The city of Fort Worth approved a $2.3 billion budget and a decreased tax rate during the Sept. 27 meeting by a 7-2 vote.

District 4 Council Member Alan Blaylock, one of two council members who represents the northeast portion of Fort Worth, voted against both the budget and tax rate. District 7 Council Member Leonard Firestone, the other local member, voted in favor of the motion.

The general fund for the budget is $915.3 million, which pays for most of the city operation and services, the presentation stated during the meeting. The general fund shows a 10% increase—$83.4 million—from the most recent fiscal year. City Manager David Cooke noted the increase is needed to handle the growth of the city and maintain infrastructure. More than 200 positions will be added by the city, with parks and recreation getting the most new additions with 55 added for after school and youth sports programs. That department also saw a reduction of 16 part-time jobs that were consolidated into full-time positions.

The Fort Worth Police Department will add 90 positions, including 73 sworn officers. The total budget for the police department is $289.5 million—32.6% of the overall budget—and that also includes seven positions for 911 call-takers and added homeless outreach program enforcement.

The Crime Control & Prevention District saw a $22 million increase in the budget to $117.7 million. The CCPD is expanding the crossing guard program to every Fort Worth middle school at the cost of $3.7 million. Positions were also added to the HOPE homeless crisis team, neighborhood patrol and mental health.

The Fort Worth Fire Department will add 23 total spots, 14 positions to staff Station No. 45, the new $1.8 million location near the Alliance area of Fort Worth at 1901 Quail Grove Drive. Also added were seven civilian support staff and two homeless outreach positions. The total fire budget is $192 million—21.1% of the budget—for a department that employs more than 900.

The Development Services Department is adding 38 new positions to help handle the growth of the city in terms of permits. Transportation and public works will add 11 spots to help increase response time for street light repairs, a right-of-way utility inspector and two positions for database management/safety and compliance. The code compliance department will see seven new positions to help handle inspection for multifamily rental properties. The Fort Worth libraries saw a $771,000 increase in budget to expand the collection of books, eBooks and entertainment options.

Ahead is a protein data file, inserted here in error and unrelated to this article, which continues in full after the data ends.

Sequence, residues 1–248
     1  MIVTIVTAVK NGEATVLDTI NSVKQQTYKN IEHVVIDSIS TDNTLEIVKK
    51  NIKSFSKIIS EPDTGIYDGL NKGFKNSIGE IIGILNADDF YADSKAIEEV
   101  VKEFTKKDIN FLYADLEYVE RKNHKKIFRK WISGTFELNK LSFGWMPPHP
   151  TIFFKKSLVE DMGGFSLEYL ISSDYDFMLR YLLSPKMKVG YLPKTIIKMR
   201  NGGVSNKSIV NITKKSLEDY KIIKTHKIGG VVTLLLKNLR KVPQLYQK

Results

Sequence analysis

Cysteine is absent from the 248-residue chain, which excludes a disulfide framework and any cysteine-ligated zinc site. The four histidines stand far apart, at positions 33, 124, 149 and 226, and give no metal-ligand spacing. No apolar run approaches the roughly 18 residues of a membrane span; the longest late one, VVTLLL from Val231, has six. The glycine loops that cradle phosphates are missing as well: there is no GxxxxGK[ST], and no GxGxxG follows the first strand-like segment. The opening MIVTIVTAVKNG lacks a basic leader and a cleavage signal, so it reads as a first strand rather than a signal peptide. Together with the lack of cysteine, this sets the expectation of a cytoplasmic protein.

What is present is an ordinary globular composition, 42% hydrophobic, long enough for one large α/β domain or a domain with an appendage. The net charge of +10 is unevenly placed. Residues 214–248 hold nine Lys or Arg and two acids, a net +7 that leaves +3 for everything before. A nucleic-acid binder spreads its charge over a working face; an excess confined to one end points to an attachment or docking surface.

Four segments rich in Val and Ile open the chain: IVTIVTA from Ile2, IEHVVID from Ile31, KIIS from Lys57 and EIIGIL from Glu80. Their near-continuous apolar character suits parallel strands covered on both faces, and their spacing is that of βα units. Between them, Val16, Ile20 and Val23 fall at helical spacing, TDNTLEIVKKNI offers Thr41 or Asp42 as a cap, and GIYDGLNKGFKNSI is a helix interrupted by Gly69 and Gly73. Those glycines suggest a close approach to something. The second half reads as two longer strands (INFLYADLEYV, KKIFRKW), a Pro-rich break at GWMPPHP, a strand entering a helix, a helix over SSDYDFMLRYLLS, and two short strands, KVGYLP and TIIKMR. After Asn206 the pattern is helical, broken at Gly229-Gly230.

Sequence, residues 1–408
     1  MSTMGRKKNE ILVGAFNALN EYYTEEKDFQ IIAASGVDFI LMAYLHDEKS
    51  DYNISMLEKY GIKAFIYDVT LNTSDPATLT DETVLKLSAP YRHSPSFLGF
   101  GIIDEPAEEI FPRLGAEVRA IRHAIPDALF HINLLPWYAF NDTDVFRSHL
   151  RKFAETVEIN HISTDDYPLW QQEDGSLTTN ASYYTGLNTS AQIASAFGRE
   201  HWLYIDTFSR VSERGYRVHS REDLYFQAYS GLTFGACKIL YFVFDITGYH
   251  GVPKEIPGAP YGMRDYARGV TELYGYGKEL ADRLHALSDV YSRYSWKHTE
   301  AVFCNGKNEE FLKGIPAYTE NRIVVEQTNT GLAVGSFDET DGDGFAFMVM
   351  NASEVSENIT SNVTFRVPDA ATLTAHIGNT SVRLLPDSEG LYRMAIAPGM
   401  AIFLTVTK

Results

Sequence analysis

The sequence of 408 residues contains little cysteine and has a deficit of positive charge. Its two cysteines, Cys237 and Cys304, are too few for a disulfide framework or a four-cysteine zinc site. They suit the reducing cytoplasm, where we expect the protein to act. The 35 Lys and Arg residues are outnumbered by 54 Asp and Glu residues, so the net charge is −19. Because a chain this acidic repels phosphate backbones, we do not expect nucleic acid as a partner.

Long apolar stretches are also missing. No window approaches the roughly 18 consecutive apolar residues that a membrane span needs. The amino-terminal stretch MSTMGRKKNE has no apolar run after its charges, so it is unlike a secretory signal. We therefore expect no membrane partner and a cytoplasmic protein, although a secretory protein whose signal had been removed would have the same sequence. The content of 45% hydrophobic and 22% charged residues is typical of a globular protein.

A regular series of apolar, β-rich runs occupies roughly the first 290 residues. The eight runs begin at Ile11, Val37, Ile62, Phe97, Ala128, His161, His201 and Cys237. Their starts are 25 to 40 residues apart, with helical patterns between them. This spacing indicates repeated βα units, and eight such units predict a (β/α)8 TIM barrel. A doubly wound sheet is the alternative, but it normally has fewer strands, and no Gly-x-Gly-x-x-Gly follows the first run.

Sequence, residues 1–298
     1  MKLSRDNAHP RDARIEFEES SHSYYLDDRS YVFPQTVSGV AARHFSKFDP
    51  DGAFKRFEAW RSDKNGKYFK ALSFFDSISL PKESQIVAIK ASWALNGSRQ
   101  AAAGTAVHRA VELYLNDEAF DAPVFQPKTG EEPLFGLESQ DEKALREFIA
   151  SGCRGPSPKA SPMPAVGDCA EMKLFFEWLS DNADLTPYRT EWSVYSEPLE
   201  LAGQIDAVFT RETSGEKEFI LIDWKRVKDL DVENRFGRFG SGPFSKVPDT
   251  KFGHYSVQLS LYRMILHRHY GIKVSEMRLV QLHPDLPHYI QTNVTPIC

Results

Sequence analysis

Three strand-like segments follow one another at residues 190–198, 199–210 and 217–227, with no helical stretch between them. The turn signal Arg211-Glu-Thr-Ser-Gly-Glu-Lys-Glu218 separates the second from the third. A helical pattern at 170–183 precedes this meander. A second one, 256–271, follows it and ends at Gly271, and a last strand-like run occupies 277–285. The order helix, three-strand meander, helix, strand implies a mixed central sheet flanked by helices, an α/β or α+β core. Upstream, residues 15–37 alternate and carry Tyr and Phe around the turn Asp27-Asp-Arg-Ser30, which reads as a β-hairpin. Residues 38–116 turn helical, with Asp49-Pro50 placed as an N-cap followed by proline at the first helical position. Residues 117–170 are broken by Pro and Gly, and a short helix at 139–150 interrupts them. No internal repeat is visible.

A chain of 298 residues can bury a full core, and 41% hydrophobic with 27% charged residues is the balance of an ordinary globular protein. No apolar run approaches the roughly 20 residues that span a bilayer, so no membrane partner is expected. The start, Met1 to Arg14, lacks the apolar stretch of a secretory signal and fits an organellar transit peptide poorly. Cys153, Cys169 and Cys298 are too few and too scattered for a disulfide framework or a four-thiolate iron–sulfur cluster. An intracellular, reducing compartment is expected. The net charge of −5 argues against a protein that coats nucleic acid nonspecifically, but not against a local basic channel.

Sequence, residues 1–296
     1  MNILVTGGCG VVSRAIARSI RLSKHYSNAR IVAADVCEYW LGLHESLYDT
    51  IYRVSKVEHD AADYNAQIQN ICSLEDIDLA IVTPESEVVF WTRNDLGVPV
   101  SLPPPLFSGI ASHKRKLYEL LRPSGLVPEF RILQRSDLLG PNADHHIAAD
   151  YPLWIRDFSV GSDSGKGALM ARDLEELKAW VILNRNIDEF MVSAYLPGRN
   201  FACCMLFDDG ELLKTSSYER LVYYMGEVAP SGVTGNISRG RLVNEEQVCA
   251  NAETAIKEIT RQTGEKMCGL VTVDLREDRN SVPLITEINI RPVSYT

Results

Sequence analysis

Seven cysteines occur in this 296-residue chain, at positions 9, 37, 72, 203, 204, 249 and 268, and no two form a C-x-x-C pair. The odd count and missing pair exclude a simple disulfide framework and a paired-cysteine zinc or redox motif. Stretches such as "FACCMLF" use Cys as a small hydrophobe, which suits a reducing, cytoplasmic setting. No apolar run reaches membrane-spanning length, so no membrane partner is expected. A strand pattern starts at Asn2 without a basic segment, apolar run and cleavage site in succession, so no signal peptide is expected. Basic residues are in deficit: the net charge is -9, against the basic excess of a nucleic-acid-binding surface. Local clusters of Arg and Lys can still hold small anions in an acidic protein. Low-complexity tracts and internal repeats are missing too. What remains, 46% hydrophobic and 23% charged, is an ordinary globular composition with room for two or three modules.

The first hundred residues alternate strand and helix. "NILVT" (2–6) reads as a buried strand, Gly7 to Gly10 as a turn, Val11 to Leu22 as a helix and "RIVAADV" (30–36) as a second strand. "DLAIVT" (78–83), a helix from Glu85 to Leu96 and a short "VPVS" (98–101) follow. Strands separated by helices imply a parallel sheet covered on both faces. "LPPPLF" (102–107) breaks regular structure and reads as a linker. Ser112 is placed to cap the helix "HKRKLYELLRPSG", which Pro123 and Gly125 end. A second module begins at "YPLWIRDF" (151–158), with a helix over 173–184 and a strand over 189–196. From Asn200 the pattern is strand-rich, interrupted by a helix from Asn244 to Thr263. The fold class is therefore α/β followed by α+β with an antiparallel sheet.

The tax rate was decreased for the second year in a row in Fort Worth, down two cents to $0.7125 per $100 valuation. This is the fifth time in six years the city lowered the rate, dropping more than $0.12 cents since 2016. The new tax rate, which is higher than the no-new-revenue rate of $0.70 cents, will raise an additional $73 million in revenue for the city.

Despite the decrease in taxes, Cooke noted the property bill could increase depending on the property appraisal. The Tarrant County Appraisal District added $12.5 billion in appraised value in 2022, which increased the homes and commercial properties to $125.6 billion. That is an increase of 14.5%.

City documents show a home valued at $200,000 would pay $1,425 in city property taxes. The average homeowner will pay 10.13% more this year than last due to the increased property value, according to city officials.